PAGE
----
Celebrate Harper Lee Through Her Writing

Harper Lee
Harper Lee. Chip Somodevilla / Getty Images

2016 is proving to be a harrowing year for beloved celebrities. David Bowie, Alan Rickman—and now, Harper Lee, a woman whose impact on American literature can’t be overstated despite having published just two novels and a slim list of essays in her lifetime. Lee, 89, passed away in her sleep in Monroeville, Alabama, the town she was born in and where she returned permanently in 2007 following a stroke.

The old cliché “you don’t know what you have until it’s gone” applies here: Lee, despite having retreated from publishing and public life for the most part since the early 1960s, was a mainstay in pop culture. In part this was due to her decision to stop publishing and her reluctance to make appearances or to grant interviews—but it was also due to the sheer power of her writing. To Kill a Mockingbird and to a lesser extent its prequel/sequel Go Set a Watchman were powerful stories that combined issues of race and justice with a warm, emotionally vibrant view of the world as well as a deep wit. No one could read those novels and come away unaffected or unchanged, and ever since its publication To Kill a Mockingbird has been a steady presence in our schools.

A Chosen Life

Nelle Harper Lee was born in 1926 in Monroeville, Alabama. She studied law, but before completing her studies she moved to New York to pursue a career as a novelist.

As we now know, her first effort—which eventually published in 2015 as Go Set a Watchman—was rejected by her publisher. Where some novelists would have been broken by such a defeat, however, Lee took the feedback offered (advising her that the flashbacks to Jean Louise Finch’s childhood were the strongest aspects of the manuscript) and re-worked the novel into To Kill a Mockingbird, a book that exploded onto the literary scene, making Lee a celebrity and earning the novel the 1961 Pulitzer Prize in Fiction.

After the 1962 film version of the novel, starring Gregory Peck, was a smash hit, however, Lee backed away from both publishing and the public life. She worked with her friend Truman Capote and published a few essays in the 1960s, but she never published anything substantial after Mockingbird, and even Watchman was a manuscript written in the 1950s. She was once asked by a relative why she never wrote another book and offered the simplest excuse possible: “When you have a hit like that, you can't go anywhere but down.”

She split time between New York and Monroeville until 2007, when she suffered a stroke and returned to her place of birth to live with her sister, Alice. Alice lived to be 103 years old, passing away in 2014. By this time, Lee was deaf, had poor eyesight, and was moved into an assisted-living facility. The discovery of the manuscript of Go Set a Watchman and its publication accompanied by media fanfare was viewed with suspicion by some—Lee had never publicly changed her stance about publishing a new book—but the public was ecstatic, and Watchman became the one of the best-selling books of 2015.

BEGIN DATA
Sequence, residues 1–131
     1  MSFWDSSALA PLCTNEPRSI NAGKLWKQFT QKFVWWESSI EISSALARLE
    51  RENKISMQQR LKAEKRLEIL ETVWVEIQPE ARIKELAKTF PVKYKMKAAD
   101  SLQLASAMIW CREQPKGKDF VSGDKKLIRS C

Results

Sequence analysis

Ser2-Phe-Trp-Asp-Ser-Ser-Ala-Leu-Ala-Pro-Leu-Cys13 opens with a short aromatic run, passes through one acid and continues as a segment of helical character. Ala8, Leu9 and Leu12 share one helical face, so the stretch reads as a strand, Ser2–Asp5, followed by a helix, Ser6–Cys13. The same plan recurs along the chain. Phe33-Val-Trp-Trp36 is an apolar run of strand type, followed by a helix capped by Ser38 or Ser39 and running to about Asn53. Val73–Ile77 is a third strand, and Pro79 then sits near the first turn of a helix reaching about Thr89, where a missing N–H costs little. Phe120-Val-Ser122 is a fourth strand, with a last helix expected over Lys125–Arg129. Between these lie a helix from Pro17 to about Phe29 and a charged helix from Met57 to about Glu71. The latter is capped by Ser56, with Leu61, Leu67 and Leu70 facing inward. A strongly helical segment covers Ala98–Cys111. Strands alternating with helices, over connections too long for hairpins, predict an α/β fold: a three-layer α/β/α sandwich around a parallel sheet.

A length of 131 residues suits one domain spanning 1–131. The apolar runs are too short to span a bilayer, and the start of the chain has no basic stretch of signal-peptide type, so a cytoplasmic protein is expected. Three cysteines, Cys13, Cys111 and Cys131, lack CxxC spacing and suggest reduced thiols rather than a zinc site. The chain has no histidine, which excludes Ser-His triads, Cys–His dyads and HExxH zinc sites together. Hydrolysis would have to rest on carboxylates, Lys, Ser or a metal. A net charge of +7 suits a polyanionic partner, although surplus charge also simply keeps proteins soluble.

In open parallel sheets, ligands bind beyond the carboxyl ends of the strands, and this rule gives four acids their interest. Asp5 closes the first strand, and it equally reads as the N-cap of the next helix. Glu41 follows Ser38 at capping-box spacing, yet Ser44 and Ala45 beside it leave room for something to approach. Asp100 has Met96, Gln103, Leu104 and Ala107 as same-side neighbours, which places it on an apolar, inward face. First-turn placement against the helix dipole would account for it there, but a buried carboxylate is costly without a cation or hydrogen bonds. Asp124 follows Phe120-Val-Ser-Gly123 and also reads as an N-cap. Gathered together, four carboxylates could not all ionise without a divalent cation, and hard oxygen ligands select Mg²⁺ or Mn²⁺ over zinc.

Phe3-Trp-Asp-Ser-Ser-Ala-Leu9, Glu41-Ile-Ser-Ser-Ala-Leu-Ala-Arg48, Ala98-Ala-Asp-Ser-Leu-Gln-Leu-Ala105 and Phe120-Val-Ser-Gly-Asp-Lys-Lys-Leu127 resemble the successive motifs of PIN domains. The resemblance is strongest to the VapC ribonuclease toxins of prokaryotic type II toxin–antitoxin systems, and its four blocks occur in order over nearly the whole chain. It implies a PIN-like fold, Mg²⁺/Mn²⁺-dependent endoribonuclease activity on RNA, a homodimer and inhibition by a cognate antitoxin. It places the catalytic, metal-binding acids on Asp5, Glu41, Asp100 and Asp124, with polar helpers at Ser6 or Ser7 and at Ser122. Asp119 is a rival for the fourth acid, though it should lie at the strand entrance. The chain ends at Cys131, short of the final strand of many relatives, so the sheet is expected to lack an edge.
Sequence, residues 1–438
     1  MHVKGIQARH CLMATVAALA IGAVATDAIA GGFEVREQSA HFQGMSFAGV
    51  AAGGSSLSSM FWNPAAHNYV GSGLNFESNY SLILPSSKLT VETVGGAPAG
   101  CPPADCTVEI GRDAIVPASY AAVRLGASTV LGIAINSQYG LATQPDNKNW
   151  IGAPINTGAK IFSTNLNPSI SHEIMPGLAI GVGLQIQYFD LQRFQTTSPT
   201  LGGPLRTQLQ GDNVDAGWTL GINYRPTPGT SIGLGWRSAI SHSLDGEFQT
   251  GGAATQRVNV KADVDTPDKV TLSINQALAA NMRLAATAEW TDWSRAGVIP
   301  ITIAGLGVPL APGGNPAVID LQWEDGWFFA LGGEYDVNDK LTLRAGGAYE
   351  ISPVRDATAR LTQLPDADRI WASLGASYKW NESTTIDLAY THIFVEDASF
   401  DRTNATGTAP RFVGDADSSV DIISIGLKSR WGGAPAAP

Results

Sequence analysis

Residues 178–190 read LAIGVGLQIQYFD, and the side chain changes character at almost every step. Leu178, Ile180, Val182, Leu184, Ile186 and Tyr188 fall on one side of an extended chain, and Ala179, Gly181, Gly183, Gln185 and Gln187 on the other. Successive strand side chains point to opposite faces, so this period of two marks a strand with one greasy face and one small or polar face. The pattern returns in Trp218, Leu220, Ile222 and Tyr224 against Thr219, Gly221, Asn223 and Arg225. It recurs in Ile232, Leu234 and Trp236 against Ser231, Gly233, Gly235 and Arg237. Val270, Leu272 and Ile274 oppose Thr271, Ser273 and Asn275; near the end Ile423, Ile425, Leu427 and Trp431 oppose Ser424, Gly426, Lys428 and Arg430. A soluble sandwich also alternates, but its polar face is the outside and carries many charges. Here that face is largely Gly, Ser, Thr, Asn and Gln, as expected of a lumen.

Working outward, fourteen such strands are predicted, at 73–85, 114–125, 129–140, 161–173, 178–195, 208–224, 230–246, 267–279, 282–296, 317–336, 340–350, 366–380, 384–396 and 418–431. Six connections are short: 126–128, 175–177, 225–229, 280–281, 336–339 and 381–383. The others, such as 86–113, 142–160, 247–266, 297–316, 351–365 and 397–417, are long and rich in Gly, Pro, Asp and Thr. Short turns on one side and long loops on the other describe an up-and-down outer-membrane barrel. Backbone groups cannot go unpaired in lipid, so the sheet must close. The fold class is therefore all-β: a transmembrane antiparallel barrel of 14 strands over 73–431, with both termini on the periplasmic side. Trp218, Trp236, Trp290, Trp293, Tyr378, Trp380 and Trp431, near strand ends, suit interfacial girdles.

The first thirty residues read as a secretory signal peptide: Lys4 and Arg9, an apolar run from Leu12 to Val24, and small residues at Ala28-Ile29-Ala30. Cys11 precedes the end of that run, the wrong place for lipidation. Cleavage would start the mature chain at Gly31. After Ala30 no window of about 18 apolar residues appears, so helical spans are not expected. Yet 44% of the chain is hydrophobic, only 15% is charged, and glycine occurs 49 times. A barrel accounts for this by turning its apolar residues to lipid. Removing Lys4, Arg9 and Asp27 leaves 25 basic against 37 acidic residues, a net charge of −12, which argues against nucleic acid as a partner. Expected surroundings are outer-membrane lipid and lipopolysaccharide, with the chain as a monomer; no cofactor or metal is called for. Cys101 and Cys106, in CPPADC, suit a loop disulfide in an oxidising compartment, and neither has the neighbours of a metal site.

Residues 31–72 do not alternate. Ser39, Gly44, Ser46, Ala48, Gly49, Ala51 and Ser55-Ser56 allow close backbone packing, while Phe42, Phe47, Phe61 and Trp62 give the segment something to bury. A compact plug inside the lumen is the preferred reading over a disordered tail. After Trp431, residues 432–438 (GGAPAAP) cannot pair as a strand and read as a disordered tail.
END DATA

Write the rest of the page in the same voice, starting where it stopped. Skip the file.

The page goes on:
A Shared Experience

As a result, To Kill a Mockingbird is that rarity of the modern age: A truly shared experience, a piece of culture that everyone is familiar with—and which is more or less universally loved.

While it might sometimes seem like other books are that universal, the number of books that just about everyone has read at some point in their lives, even if only when forced to by a classroom curriculum. Our world is increasingly fragmented, and that sort of touchstone is invaluable. No matter who you meet, if they went through the American school system chances are if nothing else you have both read that novel.

So, today, if you’re wondering how to honor a woman who was easily one of the best writers of her generation if not all-time, a woman who chose for most of her adult life to let her novel speak for her, to let her writing and her greatest achievement be her voice—read To Kill a Mockingbird one more time. Scout Finch is based on Lee’s own childhood, so in a way reading the book is like having a conversation with Harper Lee one more time, a conversation with a warm, wise woman who still has a lot to teach us.

No matter how many times you’ve read the book, read it again. A great novel is never a waste of time, and Lee herself obviously wanted Mockingbird to be her final testament. Read it again and contemplate how far we’ve come (and not come) on the issues it explores. Read it again and celebrate that for a short time we had Harper Lee on this Earth, and consider that we may not see her like again.